- Written by Adam Robinson and Kailyn Devlin
- BBC Watch and BBC Check
The Ukrainian capital, Kyiv, has been repeatedly bombed by missiles and drones over the past few weeks. Most attacks come at night.
In central Kiev, Natalia Lyashchenko lost count of the times the sound of sirens, drones and missiles kept her from sleeping. During one of the nighttime raids, she said the bright lights in the dark sky were “like Star Wars”.
Such strikes are becoming more frequent. Experts believe Russia is changing tactics in an effort to undermine Ukraine’s air defenses — but they also suspect it is, in a sense, attacking Ukraine’s civilian population in response to setbacks in the war.
BBC Verify analyzed local media reports, eyewitness accounts and statements from local officials and the Ukrainian military to build a picture of the escalation of these air attacks on Kiev and across the country since the beginning of this year.
In January, there were only three days when Russia launched air strikes on targets in Ukraine.
In May, this number increased to 21 days. Attacks also took place in the first two days of June.
In addition to ramping up attacks, Russia appears to have changed its main targets.
The aim of the attacks is to weaken Ukraine’s air defenses, says Dara Massicot, a senior policy researcher at the Rand Corporation.
“Now we’re seeing more strikes against large population centers, which puts Ukraine in a position where they have to expend interceptors to defend their cities,” she says.
Interceptors are surface-to-air missiles used to shoot down attacking drones or missiles.
But there may also be another reason for the increased frequency of attacks, says Ms. Massicott.
“I think we’re seeing a mix of two things: realizing they need to weaken Ukraine’s air defenses, and attacking some of their setbacks,” she says.
Kyiv was the worst hit
Russia increasingly focused its strikes on the capital, Kiev.
Kiev was targeted in 17 out of 21 reported Russian attacks on Ukraine in May, compared to two out of seven attacks in April.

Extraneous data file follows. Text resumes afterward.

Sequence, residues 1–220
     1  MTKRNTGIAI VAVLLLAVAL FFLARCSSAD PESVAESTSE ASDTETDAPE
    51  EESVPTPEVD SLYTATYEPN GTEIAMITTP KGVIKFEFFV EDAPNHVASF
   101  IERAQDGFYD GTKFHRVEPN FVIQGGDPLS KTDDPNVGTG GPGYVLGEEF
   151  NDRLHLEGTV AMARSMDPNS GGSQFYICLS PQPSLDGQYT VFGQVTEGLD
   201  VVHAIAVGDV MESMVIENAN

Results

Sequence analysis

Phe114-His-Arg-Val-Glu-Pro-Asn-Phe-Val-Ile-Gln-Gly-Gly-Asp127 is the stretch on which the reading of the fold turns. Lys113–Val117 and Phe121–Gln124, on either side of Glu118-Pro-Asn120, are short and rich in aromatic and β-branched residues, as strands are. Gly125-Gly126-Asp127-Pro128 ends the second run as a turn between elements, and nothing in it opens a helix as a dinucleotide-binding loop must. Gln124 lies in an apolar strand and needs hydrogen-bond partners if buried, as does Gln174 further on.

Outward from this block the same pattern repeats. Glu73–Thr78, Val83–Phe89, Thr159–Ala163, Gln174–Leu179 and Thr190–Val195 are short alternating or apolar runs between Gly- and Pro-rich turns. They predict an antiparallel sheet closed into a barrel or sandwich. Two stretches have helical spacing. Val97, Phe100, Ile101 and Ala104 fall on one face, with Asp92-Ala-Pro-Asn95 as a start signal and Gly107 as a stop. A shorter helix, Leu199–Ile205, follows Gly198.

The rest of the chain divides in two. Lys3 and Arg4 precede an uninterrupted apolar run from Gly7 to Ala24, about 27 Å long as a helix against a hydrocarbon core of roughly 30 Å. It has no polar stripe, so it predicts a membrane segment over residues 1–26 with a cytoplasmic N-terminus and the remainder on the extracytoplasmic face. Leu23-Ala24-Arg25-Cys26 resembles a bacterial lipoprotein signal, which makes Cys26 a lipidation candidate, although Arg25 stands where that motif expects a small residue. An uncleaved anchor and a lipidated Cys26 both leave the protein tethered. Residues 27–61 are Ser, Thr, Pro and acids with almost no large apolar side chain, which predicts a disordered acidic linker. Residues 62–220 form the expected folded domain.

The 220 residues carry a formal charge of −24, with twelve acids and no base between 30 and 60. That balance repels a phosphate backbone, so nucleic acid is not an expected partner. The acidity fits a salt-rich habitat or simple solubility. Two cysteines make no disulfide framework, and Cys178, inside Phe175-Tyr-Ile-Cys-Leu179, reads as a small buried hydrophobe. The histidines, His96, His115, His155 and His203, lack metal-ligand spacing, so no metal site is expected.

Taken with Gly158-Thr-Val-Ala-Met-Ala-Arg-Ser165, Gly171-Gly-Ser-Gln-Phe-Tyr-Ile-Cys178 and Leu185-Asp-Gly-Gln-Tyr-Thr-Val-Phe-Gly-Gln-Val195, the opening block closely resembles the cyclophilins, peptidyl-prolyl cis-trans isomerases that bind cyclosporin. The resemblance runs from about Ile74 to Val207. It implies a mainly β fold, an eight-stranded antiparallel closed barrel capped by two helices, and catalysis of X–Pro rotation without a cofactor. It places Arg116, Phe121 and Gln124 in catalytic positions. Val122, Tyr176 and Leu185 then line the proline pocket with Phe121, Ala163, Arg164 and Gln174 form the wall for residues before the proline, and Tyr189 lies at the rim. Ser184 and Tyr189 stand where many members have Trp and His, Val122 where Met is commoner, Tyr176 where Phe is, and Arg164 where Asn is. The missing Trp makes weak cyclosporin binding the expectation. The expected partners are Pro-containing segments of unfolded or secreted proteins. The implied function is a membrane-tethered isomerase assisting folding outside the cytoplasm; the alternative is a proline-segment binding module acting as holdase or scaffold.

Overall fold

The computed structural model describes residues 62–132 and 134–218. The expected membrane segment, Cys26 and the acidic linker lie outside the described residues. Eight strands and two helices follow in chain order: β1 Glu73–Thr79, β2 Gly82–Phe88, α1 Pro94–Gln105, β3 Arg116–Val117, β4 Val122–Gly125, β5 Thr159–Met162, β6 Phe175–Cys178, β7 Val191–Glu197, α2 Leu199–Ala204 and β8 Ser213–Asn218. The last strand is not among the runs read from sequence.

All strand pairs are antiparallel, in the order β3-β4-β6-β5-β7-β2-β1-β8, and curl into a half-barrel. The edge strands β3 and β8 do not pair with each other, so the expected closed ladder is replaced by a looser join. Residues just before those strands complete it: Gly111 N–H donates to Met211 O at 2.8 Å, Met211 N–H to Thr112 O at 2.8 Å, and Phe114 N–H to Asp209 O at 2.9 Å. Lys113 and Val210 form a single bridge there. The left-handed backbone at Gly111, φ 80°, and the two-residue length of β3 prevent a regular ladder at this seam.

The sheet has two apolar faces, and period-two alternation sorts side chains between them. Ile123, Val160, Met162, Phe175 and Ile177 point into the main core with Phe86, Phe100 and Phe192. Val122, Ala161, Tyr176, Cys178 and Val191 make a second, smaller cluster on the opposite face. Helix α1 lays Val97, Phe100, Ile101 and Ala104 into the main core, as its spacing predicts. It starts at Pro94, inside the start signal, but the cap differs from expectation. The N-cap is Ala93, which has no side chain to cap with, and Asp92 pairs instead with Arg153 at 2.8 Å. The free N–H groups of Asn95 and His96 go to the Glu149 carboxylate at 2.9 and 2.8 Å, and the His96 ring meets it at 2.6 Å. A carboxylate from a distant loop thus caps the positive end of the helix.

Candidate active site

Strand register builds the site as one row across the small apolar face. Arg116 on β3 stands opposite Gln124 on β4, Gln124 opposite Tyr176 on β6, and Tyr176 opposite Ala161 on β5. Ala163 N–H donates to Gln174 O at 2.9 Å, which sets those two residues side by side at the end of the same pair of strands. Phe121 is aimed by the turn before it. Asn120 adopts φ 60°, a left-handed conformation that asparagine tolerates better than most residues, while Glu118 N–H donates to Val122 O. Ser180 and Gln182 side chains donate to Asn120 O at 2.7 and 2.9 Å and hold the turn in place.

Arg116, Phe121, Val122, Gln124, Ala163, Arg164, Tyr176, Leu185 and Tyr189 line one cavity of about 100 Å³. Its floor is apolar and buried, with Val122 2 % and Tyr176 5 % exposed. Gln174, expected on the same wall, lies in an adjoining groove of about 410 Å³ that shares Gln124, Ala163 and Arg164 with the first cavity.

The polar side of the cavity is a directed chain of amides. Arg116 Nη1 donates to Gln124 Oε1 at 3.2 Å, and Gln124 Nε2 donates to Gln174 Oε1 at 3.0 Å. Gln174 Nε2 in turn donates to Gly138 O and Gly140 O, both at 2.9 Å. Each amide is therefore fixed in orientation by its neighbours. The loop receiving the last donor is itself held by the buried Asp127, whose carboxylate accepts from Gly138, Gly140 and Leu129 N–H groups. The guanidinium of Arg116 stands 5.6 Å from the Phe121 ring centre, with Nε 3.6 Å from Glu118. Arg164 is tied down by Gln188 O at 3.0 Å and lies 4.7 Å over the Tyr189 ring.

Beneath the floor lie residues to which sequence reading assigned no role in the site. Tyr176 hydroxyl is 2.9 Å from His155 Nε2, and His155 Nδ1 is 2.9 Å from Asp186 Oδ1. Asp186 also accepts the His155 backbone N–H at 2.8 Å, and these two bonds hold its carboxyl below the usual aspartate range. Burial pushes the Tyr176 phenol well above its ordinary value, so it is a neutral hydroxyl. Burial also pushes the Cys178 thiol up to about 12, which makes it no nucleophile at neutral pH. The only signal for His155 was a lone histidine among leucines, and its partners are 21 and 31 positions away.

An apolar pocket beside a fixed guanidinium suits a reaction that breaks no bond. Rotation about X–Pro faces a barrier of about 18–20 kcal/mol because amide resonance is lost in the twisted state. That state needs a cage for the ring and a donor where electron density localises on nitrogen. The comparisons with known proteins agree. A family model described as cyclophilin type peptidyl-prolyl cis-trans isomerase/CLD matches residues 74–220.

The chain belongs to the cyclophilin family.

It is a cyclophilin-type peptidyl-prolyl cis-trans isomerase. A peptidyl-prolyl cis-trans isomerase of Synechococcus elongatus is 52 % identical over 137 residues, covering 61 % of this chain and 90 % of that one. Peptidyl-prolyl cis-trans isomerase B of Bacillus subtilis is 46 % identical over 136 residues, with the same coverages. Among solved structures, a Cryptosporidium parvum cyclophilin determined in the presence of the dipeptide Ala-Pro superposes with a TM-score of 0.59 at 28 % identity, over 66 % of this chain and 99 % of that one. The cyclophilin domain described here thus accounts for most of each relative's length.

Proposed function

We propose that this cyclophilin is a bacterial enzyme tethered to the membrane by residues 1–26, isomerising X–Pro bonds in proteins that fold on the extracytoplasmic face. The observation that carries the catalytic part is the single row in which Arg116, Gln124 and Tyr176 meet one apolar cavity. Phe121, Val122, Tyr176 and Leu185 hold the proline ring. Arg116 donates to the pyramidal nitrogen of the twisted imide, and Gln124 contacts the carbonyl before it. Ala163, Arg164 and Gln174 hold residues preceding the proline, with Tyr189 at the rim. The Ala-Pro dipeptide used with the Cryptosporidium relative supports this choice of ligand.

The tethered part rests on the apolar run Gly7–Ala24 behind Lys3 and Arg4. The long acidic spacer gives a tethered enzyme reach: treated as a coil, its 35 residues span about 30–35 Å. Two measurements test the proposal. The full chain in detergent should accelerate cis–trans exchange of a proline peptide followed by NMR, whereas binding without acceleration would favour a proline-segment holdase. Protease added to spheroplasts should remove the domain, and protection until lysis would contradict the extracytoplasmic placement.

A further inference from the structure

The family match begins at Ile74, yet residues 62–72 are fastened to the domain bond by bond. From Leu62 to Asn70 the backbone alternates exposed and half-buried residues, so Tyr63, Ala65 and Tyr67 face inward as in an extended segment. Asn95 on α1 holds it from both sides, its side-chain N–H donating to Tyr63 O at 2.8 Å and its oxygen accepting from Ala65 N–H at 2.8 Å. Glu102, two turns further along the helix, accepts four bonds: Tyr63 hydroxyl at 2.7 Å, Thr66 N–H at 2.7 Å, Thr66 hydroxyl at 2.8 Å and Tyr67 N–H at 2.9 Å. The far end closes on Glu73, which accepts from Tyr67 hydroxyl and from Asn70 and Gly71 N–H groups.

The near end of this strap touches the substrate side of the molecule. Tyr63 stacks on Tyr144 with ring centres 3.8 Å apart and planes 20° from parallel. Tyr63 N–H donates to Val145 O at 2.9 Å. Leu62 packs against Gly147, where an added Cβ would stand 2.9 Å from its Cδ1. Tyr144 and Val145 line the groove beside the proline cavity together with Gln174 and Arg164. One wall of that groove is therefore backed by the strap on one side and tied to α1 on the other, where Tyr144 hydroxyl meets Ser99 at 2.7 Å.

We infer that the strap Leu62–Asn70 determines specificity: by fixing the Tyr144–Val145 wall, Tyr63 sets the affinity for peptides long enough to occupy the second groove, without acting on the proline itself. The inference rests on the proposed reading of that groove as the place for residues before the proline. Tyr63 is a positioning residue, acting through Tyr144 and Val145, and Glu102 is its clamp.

It took a psychological toll on the townspeople. Polina Karabash lives in the suburbs, about five or six kilometers outside the center of Kiev.
On April 28th, she was awakened at 04:00 to a loud noise outside.
“I was feeling really anxious because the news channel I usually watch wasn’t working so I couldn’t get many details,” she told the BBC.
What you didn’t know at the time was that Russian cruise missiles were flying in the sky, and were eventually destroyed by Ukrainian air defenses.
Local officials say all missiles or drones targeting Kiev have been shot down, with any damage caused by falling debris.
This has not been independently verified.
Greg Bagwell, president of the British Air and Space Federation and a former RAF commander, told the BBC that Kiev appeared to be a “strategic” rather than a “military” target.
He says: “Kiev is the center of government.” “It plays more into the idea that Russia is really trying to create a totemic sense of victory. It’s more about symbolism than actual military effect.”
Whatever the motives, there are very few corners of Kiev that haven’t felt the impact of drone and missile strikes.
Natalia Lyashchenko told the BBC about her experience during one such raid on 4 May.
“It started with sirens in the night and then about 15-20 minutes later the fight started,” she says.
She takes refuge at a metro station a short distance from her home, taking with her only her passport and her cat.
“It’s not a game,” she says, “it’s war. We’ve lost our jobs, our homes, our health. We have big challenges ahead.”
“After we win, it will take 10 or 20 years – maybe more – to recover mentally. But I think we will survive, because the Ukrainians have shown good determination to stay.”
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